The Hylinae are the largest of three subfamilies of Hylidae, the "tree frogs". It contains nearly 700 species in 41 genera, they are found in North and South America, temperate Asia, Africa north of the Sahara. The 41 recognized genera are: http://www.tolweb.org/Hylinae
Plectrohyla sagorum is a species of frog in the family Hylidae. It is found in the Sierra Madre de Chiapas from Chiapas to southwestern Guatemala, with a single record from northwestern El Salvador, its natural habitats are cloud forests at elevations of 1,000–2,050 m above sea level. Breeding takes place in streams, it is rare in Mexico and El Salvador but abundant at two Guatemalan sites. It is threatened by habitat loss. Chytridiomycosis might be a threat
Hyla is a genus of frogs in the tree frog family Hylidae. They have a broad distribution. There were more than 300 described species in this genus, but after a major revision of the family Hylidae most of these have been moved to new genera so the genus now only contains 33 species"; the genus was established by Josephus Nicolaus Laurenti in 1768. It was named after Hylas in the companion of Hercules; the name is unusual in that – though Laurenti knew that Hylas was male – the name is unambiguously treated in the feminine grammatical gender for reasons unknown. The etymology of the name is often incorrectly given as being derived from the Greek word ὕλη. Faivovich et al. could not assign these species to a current genus, so they allocated them to the non-taxon "Hyla". Further work is needed to organize them; the mating systems across most species of Hyla feature female choice based on male calling effort. The specific parameter of calling effort, selected for can vary from species to species, however.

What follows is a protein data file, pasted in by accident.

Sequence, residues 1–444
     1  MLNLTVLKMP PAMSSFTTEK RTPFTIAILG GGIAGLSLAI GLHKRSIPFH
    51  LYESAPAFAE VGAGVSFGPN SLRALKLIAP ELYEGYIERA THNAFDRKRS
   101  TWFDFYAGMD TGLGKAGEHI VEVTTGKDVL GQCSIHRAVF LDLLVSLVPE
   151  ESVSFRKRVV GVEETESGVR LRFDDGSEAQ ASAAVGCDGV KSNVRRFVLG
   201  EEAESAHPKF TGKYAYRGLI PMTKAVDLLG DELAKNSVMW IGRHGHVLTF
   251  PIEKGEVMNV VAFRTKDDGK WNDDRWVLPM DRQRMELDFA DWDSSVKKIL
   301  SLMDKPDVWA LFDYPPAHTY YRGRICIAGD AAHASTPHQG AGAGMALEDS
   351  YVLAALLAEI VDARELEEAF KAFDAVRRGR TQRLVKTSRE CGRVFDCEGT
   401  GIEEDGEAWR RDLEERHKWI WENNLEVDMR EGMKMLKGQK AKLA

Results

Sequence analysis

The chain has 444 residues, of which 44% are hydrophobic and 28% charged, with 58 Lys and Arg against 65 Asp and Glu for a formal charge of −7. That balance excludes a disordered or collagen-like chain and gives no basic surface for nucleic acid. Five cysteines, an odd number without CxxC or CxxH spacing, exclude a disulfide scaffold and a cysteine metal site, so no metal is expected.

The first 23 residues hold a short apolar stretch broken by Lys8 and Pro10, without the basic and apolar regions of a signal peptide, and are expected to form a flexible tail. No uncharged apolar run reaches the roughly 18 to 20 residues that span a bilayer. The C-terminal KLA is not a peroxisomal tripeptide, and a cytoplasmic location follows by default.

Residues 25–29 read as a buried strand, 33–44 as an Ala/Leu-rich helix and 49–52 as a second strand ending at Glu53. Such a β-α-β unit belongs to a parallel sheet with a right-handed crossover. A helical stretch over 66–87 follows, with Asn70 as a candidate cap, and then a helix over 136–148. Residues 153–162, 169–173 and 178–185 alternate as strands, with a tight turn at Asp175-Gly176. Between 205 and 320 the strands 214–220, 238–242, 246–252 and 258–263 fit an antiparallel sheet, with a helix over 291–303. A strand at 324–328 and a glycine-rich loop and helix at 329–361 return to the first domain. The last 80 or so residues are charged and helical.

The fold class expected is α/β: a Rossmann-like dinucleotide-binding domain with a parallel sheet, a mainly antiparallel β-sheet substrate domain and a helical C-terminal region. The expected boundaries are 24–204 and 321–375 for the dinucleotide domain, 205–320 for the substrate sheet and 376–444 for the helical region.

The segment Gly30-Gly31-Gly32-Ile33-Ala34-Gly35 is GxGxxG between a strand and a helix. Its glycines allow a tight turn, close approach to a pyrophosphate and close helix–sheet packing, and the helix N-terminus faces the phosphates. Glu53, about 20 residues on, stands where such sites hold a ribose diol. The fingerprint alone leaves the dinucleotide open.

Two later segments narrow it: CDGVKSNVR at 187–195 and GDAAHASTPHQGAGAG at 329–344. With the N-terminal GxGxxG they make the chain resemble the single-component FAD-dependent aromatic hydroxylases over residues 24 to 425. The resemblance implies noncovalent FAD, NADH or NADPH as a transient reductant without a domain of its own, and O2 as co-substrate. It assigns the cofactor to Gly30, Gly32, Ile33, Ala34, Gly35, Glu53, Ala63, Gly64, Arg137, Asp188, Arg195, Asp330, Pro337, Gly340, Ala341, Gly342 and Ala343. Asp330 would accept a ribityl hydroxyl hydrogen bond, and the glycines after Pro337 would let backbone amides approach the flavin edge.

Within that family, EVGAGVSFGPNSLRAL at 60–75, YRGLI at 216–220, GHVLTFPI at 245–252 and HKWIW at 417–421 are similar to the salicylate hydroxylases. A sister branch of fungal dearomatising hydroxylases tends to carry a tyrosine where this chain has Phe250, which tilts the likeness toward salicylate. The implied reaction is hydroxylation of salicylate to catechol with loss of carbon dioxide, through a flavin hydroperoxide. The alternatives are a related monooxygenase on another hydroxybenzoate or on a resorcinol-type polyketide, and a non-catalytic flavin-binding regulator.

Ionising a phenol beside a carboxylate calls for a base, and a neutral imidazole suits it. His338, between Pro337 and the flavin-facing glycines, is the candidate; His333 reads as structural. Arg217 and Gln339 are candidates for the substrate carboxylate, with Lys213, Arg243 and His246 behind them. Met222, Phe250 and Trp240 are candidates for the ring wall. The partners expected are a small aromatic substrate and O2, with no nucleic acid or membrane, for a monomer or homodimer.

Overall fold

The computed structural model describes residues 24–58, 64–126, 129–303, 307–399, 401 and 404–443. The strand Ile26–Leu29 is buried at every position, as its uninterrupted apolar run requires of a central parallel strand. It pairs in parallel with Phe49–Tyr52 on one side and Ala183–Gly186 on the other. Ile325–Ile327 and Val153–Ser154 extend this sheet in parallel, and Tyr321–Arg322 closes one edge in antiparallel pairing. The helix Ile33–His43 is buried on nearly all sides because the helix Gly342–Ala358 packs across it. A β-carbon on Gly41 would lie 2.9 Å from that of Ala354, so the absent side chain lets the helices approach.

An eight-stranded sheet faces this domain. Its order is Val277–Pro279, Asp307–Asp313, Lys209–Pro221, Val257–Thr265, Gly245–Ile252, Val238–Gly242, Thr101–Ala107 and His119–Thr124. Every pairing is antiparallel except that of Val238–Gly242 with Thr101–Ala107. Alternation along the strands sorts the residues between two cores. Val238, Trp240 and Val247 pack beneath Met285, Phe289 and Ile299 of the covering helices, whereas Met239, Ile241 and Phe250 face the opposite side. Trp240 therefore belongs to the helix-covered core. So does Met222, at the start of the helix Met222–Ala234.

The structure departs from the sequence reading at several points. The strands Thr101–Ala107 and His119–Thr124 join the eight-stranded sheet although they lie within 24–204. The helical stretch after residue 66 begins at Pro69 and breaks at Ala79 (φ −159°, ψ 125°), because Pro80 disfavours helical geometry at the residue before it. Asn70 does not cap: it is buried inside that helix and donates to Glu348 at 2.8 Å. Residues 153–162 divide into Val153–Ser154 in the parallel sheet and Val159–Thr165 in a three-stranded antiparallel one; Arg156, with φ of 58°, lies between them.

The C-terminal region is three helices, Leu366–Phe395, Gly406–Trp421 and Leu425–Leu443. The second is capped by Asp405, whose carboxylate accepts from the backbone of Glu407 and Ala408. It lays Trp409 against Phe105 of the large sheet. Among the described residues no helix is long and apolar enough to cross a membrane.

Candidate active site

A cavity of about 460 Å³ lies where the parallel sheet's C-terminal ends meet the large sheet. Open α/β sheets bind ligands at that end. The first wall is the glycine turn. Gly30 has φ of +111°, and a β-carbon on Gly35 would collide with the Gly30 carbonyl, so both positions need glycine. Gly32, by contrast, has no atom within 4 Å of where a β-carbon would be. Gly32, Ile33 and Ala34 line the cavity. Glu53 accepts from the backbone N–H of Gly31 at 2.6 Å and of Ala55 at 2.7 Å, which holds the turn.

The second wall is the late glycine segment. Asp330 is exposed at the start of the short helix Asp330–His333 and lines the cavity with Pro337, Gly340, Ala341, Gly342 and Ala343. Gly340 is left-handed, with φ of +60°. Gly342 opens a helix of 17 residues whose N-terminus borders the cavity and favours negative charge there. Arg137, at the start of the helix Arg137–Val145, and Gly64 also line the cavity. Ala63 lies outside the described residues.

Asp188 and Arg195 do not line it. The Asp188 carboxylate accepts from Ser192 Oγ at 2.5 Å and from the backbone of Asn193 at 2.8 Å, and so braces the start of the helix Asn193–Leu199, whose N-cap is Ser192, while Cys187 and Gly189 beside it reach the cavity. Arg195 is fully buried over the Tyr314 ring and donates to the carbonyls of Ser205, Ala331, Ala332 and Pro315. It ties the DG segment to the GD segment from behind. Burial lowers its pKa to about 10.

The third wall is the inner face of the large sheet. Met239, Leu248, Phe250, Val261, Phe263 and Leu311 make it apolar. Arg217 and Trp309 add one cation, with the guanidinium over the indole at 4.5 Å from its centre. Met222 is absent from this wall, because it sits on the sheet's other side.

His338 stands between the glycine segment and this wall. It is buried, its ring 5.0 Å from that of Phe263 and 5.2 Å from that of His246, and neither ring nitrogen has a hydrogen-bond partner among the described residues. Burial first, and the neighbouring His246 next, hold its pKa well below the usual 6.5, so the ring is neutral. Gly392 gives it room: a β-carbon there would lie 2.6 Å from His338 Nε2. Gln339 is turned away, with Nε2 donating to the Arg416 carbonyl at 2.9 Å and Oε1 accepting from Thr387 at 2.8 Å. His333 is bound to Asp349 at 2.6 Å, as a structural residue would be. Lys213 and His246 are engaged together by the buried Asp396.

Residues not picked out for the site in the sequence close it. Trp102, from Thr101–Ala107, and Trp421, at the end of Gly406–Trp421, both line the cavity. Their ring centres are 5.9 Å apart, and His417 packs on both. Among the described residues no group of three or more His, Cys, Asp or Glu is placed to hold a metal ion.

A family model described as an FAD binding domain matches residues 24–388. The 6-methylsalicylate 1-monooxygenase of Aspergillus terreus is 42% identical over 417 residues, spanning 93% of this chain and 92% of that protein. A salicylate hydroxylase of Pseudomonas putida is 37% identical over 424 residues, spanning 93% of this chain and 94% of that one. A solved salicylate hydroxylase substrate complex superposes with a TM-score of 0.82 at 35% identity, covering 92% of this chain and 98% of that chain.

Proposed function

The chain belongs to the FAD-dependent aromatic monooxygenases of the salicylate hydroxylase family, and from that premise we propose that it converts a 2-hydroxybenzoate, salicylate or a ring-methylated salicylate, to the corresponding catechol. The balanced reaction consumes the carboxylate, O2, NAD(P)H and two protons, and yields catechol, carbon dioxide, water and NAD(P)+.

In H. versicolor, for example, females show preference for calls of longer duration. The selection of males which have calls of longer duration has shown to only be advantageous at low densities; this suggests. Comparatively, males of H. arborea achieve a higher rate of mating success with increased chorus attendance, the number of nights spent calling at a given breeding site. Moreover, increased chorus attendance carries with it a higher energy expenditure and risk of predation. Therefore, it may seem intuitive that males with higher chorus attendance are less to survive to the next breeding season. Conversely, these males are more to survive; this suggests that the fitness of these males is high enough to overcome the costs associated with chorus attendance. This provides evidence for chorus attendance as an indicator of mate quality in H. arborea. Although it is studied less than female choice, sexual selection influenced by male-male intrasexual competition does exist in certain species of Hyla.